AISD board shouldn’t rush bond decision
02/05/2014 5:59 PM
02/05/2014 6:01 PM
Arlington school board members, scheduled to meet Thursday to consider calling a $663.1 million bond election in May, should take their time in that decision.
There’s no need to rush. The deadline for calling the election is still three weeks away.
Trustees should use this time to scrub the list of projects, which was put together during five months of deliberation by the 38-member Capital Needs Steering Committee.
There’s every reason to believe the committee has done a good job. In fact, the six board members at last week’s meeting were unanimous in accepting the committee’s recommendations. Committee members deserved that show of confidence, just as they deserve the board’s thanks for their hard work.
But none of the committee members are responsible to the district’s taxpayers for these decisions. Every school board member is.
Accepting the committee’s recommendations should not be taken as a commitment to put all of them on the ballot.
Taxpayers deserve a thorough airing of the proposals by their elected board members. They deserve to see those officials working hard to determine for themselves whether each dollar in borrowed bond money is necessary and will be spent wisely.
They deserve the opportunity, on more than one occasion, to comment to board members about the proposals.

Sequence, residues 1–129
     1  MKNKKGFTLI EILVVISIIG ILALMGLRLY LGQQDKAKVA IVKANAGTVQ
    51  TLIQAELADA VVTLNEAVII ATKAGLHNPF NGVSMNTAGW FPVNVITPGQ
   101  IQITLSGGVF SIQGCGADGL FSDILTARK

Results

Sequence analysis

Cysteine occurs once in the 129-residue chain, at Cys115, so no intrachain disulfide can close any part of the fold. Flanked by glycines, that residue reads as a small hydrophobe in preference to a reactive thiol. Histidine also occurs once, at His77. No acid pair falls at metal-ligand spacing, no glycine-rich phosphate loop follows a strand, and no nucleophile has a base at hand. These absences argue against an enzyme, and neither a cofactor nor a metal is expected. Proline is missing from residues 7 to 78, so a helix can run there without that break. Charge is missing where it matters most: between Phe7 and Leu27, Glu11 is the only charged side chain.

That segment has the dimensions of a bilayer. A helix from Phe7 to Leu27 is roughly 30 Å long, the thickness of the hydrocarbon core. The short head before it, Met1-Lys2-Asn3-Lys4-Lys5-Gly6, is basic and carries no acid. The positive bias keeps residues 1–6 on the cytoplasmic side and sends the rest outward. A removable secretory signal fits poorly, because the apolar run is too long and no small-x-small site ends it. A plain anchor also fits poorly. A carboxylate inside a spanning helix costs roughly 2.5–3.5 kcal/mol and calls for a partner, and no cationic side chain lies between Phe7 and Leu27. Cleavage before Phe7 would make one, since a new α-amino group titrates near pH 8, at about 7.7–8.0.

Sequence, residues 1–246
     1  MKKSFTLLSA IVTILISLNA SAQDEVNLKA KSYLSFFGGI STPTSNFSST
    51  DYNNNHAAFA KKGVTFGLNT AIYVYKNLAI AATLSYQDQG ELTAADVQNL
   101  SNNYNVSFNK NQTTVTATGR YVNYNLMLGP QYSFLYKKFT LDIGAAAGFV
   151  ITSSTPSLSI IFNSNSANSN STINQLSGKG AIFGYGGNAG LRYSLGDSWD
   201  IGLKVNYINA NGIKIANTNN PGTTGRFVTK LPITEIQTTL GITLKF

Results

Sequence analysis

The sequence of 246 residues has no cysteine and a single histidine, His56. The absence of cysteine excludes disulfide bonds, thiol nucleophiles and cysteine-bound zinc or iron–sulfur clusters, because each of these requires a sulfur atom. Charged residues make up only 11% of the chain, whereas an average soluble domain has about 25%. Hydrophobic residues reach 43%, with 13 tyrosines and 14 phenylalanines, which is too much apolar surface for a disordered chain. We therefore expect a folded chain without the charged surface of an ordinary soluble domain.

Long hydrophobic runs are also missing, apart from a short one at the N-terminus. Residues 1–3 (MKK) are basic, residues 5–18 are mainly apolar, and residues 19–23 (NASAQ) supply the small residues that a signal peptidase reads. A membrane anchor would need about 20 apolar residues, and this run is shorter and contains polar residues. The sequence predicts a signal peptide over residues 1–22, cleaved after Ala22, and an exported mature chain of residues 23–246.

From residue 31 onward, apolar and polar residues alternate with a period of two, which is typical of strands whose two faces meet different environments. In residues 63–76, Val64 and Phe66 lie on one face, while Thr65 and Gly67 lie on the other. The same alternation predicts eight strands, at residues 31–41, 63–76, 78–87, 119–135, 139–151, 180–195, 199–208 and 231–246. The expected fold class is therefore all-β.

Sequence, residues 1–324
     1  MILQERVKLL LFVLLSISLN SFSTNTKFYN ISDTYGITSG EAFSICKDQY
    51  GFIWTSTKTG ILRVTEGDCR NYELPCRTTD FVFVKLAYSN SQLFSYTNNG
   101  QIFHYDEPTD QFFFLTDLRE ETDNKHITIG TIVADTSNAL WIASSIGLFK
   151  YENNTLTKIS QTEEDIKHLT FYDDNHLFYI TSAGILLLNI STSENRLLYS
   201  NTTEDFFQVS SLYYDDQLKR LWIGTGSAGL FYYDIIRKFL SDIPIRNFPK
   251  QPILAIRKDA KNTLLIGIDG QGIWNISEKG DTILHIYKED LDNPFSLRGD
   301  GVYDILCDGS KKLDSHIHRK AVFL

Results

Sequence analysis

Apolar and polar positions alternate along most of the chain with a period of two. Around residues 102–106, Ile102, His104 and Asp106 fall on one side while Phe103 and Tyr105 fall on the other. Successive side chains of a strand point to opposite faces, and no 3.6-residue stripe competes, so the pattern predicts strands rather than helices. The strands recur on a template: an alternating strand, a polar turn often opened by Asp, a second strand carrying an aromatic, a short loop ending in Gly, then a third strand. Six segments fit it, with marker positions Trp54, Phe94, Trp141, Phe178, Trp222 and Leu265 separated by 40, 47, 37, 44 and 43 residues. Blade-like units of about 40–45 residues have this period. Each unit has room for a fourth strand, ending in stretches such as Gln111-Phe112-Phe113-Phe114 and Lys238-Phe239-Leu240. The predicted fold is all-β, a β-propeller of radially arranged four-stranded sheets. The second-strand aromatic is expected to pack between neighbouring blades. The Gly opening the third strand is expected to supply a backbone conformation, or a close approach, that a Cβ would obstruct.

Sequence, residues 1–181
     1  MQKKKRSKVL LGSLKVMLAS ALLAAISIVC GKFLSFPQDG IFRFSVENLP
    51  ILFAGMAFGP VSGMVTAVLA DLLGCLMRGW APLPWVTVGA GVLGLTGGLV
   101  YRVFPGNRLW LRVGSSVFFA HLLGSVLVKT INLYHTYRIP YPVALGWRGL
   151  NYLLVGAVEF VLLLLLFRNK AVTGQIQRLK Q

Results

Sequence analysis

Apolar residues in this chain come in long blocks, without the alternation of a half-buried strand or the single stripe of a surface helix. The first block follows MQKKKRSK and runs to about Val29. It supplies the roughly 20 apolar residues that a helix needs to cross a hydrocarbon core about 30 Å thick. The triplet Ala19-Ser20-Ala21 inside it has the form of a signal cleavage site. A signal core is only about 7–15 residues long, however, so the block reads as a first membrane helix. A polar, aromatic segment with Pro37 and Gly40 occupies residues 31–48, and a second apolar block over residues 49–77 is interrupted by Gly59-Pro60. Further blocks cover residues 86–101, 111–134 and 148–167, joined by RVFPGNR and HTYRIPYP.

They deserve to know how much this borrowing can be expected to cost them.
The project list is long and impressive: two new elementary schools; specialized centers for students focused on fine arts, career and technical training and agricultural science; a $25 million districtwide athletic complex; multipurpose activity centers at each high school at a total cost of $60 million.
Taxpayers deserve to hear their school board deliberate how to package the bond list on the ballot. Sometimes, districts put their entire list in one proposition for an all-or-nothing vote. Others split proposals into two, three or more propositions so voters have more choices.
A survey conducted at school district expense indicated that more than half the district’s voters would support issuing as much as $700 million in bonds. Survey results are no guarantee of election results.
The next three weeks are a valuable time for board members to convince voters they are being presented with the right bond package under the right terms.
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